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Changing Landscapes (Is there anybody out there walking the wall pt5)

Photo by Colin Davies

The sun broke the darkness of our room as an end came to a rather nice Tramadol and Paracetamol cuddled sleep.  Pain was very much still deep within my legs and even the task of getting to the bathroom seemed harder than ever before. The previous day had seen me broken, battered, chewed up and spat into a taxi while the lads, as brave a tigers on magic mushrooms, soldiered on until the cold and need for a pint caused them to halt the impossible day. So no matter what, they were going back to complete the missing 10km.

My head was still slightly to the left as a clambered down the stairs toward the breakfast table with all the grace a dead baboon with rigor mortis. Over morning caffeine delivered as tea for me and coffee for the other 2, we discussed the day ahead. It was looking very much like the people we paid to organise our walk had messed up the distances. This had lead to the boys having to backtrack a couple of times. It also looked like the full distance would not be achievable so something would have to be skipped. Some of the most interesting parts of Hadrian’s Wall were on the bit missed last night so if they were going to jump past any of it, they wanted to skip it closer to Carlisle. I really wasn’t sure what I was going to do, then the food arrived. This chewable joy lifted my spirits and I agreed to go back with the boys and continue the walk from where they left off.

The owner of the Bush Nook Guest House was a rather lovely fella called Malcolm. During our discussion about the walk and what could be missed we enlisted his local knowledge. This lead to him offering to drive us back to the Mile Castle. This act of generosity would save us at least an hour of the day, and we happily accepted.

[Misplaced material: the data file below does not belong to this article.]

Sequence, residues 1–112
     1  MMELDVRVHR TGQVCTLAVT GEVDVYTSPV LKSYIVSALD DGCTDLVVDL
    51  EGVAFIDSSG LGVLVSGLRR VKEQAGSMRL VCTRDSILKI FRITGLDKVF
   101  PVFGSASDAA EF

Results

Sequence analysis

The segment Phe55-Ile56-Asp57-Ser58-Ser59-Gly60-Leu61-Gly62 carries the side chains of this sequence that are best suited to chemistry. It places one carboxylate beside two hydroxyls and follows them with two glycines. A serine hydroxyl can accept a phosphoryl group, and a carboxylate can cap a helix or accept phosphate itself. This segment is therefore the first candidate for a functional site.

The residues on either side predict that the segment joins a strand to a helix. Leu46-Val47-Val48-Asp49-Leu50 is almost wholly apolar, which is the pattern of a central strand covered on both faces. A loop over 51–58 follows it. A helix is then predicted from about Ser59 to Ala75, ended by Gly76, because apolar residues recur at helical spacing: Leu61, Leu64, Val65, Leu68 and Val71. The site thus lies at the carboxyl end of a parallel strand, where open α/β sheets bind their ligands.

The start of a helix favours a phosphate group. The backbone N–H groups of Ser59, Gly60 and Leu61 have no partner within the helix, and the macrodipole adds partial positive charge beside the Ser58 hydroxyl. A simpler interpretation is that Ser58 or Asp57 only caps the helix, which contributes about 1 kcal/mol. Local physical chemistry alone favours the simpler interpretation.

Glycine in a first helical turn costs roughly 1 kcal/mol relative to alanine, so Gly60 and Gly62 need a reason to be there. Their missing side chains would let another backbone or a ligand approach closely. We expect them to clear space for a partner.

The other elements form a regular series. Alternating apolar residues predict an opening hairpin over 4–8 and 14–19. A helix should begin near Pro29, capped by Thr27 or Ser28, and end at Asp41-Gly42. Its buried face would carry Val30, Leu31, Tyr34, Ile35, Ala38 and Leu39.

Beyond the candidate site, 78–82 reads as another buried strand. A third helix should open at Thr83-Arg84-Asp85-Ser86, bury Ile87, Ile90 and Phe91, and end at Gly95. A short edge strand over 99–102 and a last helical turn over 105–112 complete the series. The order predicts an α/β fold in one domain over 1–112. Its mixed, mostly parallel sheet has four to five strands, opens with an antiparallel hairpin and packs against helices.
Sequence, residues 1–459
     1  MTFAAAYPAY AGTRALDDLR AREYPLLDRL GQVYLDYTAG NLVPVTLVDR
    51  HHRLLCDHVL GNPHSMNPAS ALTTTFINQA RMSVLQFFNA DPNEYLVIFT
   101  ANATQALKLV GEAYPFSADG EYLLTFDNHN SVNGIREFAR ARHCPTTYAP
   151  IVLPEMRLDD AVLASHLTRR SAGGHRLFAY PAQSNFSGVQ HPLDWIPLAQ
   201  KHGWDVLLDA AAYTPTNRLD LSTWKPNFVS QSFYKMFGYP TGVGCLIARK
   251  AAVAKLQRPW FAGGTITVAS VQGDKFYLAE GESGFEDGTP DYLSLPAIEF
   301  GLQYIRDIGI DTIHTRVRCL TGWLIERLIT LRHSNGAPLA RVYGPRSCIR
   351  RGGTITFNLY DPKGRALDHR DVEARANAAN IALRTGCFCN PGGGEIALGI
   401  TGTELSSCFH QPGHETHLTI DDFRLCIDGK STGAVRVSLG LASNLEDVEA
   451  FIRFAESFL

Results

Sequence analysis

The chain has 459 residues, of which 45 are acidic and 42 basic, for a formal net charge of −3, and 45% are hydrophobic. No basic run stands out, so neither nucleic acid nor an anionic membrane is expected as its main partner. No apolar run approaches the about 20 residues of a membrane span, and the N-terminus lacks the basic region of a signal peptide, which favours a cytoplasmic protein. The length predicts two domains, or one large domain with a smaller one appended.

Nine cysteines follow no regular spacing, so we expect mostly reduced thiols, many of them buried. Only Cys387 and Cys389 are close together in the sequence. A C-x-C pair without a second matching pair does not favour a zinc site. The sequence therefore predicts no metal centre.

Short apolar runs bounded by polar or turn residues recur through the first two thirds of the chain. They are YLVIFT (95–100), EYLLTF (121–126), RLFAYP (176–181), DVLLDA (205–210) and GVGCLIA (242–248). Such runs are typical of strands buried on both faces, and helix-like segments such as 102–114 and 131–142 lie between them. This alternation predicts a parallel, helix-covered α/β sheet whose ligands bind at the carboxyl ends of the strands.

Back on the hills and my first worry wasn’t about getting my legs moving, the stiffness would soon pass. My first worry was about returning to the darkness of yesterday. I knew the boys with their superior fitness and Dory like ‘Just keep swimming’ attitude would take them away from me at times. I needed a way to level my head. My wonderful painkillers would help in one way, but I also needed to keep moving forward and I doubted ambling along in a cotton candy glow would get me very far.

I decided to play in my head, and sing out loud, Pink Floyd’ The Wall for both the joke and as a challenge to see if I could remember all the words. As I looked up at the first of the rocky clambers that the day I mentally put the needle in the groove, I was playing the vinyl version I’m not a barbarian. This allowed me to fall into my own world, my own movie. When the boys waited for me to catch up the soundtrack would fade and the dialogue begins. For the next 3 hours, I was very tired but quite content.

The harsh rock encrusted landscape came to a very abrupt end at Cawfield Quarry, turning into steep yet rolling farmland. This gentler terrain was still tough, just less arduous. It rose and fell like undulating waves leading us trepid explorers back to Gilsland and the Samson Inn for a lovely Sunday lunch.

The afternoon carried on in much the same way only this time I couldn’t figure out which of my record collection I wanted to recount and stepped forward with the sounds of nature. We continued up and down, through forests and across farmland. Many a sheep were seen but far too many to count safely without falling asleep. Time moved on and trudging became the order of the day. My mind started to over think a past that could not be changed and it was time to stop for a rest. Steve’s guidebook informed us about the Hayton Gate Hut, a most wonderful place with tea and coffee and crips and juice and chocolate. All supplied by the wonderful people of the cottage and paid for with an honesty box. It is simple little havens like this that fill me with hope. There are nice people out there who genuinely care.

Time was not for waiting and we had to push on. As fatigue started to take hold my mood did darken. We were all tired and just wanted to get to our next stopping point. Through fields we marched, step after step. The gap between me and the boys was winding and in turn, I was starting to fall inwards.  We passed more sheep, through woods, farmyards, through gardens, and just as I was about to declare myself done, I found the boys by a village green calling a taxi. This was the end of our walking today. Now a ride into Carlisle for pizza and medicated slumber.

Photos by Colin Davies and Mick Arthur